Progressive Enhancement and Marketing

by Michael Scharnagl

I am currently building a RSS reader (intro blog article about feediary) and like always it is progressive enhanced. In short this means the main features of the site will all work in older browsers, but there are several enhancements only available for supported browsers. This strategy worked great until I started working on a new feature – Themes. It is a feature only available for paid subscriptions and I wanted to make the feature available to as many different browsers and users as possible.

This got me thinking. I could build this using CSS Custom Properties, browser support is ~88% at the moment (July 2018). Still, ~10% of potential users may not be able to use the feature. I could build a fallback version for them, but this would take quite some time I have to spend on top of building it with Custom Properties. So, in the end I decided to not use Custom Properties for themes. In this article I will explain why I decided against using a new web platform feature in this case and options to list a feature not available in all browsers.

Using new web platform features

More than two years ago I wrote about building a theme switcher using Custom Properties. Back then I finished the article by saying that you can use Custom Properties as an enhancement today. The today is now two years ago and browser support got far better and I still decided to build the theme feature without Custom Properties in this case.

As said, I wanted to offer themes to as many users as possible. To achieve this there are two ways. Build it using Custom Properties and build a fallback version for non-supported browsers. Build only the fallback version and use it for all users. The second version is faster to build. So, I went with the fallback-only version. Custom Properties are awesome and I already used them in production for themes, but there it was not a main feature – there it was an enhancement. As always – It depends.

List progressive enhanced features

Some features can only be build using modern platform features. One example is push notifications. Support for push notifications is getting better and better, but there are still many users using a non-supported browsers. They can still use the website, but won’t get this extra feature. Others can be build using new features, but could also be build using widely supported HTML, CSS and JavaScript.

I often said and still believe that websites not only don’t have to look the same in all browsers, but that also some non-essential features don’t have to work in every browser. When I started building feediary and thought about listing the features, there was one problem with this approach – should I list features only available to some browsers, not list them at all, only list them in supported browsers or add a remark about browser support.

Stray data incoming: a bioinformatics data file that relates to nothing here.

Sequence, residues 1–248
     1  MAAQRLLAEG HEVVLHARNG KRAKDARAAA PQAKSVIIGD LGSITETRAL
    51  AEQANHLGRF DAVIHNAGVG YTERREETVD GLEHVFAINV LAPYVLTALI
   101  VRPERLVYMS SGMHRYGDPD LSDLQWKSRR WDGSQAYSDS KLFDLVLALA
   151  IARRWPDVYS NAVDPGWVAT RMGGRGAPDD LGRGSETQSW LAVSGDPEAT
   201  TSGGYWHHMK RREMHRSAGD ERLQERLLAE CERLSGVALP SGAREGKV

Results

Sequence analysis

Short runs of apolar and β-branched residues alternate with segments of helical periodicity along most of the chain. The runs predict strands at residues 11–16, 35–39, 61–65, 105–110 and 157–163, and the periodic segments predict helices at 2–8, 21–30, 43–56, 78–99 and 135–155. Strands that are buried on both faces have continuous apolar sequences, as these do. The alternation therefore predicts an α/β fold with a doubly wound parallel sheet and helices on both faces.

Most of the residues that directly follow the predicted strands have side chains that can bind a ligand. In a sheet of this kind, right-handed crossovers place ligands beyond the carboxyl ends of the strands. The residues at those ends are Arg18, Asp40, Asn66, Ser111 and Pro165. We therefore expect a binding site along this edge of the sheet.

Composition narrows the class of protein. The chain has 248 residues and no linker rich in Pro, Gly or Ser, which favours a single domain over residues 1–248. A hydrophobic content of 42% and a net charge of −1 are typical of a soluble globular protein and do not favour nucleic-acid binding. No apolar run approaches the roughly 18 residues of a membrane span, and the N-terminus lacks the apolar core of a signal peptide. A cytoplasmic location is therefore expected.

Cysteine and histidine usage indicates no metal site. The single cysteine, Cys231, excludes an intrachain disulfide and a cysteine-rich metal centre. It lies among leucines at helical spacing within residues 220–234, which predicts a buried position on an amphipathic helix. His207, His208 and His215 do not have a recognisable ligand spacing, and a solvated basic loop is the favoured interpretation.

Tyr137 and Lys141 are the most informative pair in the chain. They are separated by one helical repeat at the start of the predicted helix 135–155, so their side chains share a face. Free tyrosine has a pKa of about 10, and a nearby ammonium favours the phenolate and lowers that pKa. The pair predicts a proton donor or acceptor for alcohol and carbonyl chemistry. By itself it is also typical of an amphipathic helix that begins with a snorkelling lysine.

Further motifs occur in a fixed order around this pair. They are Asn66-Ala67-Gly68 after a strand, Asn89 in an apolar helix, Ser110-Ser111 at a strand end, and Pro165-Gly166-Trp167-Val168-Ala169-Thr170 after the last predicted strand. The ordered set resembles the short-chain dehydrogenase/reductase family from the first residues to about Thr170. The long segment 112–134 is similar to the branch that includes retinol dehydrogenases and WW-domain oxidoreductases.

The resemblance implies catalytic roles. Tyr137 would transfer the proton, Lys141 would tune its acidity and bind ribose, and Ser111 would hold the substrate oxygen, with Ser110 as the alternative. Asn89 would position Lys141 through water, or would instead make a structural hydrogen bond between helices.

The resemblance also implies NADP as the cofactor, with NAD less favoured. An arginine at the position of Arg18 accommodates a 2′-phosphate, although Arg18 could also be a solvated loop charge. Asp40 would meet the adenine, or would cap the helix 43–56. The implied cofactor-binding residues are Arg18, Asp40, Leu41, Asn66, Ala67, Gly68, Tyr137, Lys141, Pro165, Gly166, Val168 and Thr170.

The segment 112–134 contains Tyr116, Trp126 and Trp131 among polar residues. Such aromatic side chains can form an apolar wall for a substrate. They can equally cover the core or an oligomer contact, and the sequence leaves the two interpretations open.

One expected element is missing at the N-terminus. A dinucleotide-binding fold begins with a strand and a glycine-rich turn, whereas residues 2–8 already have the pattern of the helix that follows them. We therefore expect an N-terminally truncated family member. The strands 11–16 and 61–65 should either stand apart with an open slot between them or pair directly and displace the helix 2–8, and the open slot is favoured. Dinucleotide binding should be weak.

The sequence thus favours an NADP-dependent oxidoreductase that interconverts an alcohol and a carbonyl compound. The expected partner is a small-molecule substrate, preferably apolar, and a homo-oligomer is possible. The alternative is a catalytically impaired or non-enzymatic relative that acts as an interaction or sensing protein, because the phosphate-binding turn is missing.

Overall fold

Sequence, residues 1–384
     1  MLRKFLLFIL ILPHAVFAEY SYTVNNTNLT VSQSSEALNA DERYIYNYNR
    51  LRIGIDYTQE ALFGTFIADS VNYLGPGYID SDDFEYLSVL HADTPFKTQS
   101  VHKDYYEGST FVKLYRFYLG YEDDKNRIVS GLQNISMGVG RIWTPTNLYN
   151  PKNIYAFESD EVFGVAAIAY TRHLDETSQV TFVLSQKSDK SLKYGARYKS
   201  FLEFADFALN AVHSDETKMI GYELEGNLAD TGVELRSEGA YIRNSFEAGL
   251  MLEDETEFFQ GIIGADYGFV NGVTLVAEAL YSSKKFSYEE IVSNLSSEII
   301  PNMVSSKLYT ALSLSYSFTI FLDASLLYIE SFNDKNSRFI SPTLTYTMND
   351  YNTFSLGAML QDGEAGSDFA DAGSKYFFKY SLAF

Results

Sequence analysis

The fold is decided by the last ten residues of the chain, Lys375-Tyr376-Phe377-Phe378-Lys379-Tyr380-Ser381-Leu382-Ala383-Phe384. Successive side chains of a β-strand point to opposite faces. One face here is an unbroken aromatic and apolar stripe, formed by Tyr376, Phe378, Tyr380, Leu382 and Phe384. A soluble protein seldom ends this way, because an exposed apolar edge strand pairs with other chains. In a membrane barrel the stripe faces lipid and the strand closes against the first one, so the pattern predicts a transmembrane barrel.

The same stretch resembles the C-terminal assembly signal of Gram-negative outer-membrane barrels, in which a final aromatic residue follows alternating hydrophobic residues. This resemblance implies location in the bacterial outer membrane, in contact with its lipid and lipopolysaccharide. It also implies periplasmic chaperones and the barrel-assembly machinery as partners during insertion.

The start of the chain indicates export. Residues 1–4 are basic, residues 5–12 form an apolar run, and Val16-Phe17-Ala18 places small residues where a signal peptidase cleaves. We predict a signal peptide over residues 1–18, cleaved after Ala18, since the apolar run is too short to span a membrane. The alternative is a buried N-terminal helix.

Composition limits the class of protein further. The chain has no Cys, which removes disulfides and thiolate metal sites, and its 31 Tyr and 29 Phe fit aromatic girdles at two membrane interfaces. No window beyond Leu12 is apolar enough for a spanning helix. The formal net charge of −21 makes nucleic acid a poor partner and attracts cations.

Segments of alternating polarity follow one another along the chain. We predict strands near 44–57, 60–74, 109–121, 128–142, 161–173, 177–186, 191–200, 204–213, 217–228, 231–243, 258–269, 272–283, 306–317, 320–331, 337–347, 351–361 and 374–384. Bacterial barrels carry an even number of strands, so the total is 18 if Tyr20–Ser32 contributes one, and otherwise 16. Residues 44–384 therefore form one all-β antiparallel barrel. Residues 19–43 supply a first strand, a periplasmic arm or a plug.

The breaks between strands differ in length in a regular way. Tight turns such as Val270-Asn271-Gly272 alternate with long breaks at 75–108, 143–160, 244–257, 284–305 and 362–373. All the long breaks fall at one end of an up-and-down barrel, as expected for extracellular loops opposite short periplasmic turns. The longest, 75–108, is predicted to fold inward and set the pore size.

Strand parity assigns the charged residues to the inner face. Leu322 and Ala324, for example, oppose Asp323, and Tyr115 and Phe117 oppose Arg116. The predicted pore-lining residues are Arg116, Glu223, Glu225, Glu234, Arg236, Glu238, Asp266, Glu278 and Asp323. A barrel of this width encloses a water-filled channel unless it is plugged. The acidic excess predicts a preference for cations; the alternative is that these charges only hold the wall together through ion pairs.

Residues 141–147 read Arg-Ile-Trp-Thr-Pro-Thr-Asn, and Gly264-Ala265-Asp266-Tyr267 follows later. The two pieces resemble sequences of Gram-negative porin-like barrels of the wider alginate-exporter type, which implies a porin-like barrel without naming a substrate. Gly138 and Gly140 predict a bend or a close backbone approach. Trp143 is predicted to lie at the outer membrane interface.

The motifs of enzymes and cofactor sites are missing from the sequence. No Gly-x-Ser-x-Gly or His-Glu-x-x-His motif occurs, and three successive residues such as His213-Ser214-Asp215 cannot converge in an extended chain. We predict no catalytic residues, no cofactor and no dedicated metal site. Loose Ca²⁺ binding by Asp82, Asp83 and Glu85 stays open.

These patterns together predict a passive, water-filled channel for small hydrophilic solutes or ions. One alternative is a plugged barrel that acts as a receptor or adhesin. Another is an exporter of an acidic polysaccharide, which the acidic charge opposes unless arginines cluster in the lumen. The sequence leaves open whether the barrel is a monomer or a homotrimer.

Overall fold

Don’t list the feature

From a marketing point of view this is less than ideal. Your website offers a great feature, which may be available to most of your audience, but not for all. To not confuse users using non-supported users the best approach may be to not promote the feature at all. It is still available in supported browsers, but you don’t advertise it.

List the feature only in supported browsers

Another approach might be to make a feature test and if the feature is supported, list the feature. If the feature is not supported you don’t list it in your features list. This way a user knows about all the features they can use in the browser they are using right now. There is one problem. If a user starts using your service in a supported browser and later switches to a non-supported browsers, they may be really confused. Even more so if they regularly switch between different browsers.

List feature with explanation to browser support

There is another way to list a feature in all browsers. List the feature, but add an explanation next to it. A link named “in supported browsers only” which links to a page where all supported browsers are listed. This way all users know about the feature, and also know if it is supported in their browsers. The main disadvantage of this is that you have to keep the list of supported browsers up-to-date as non-supported browsers could become supported browsers any time.

I am still not sure about the best way to handle marketing for progressive enhanced features. Is it again – It depends? How are you handling this? Please let me know, you can contact me on Twitter (DM open) or by writing me an email.

Michael Scharnagl

Portrait Michael Scharnagl

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A freelance front-end developer focusing on HTML5, CSS, progressive enhancement and web performance.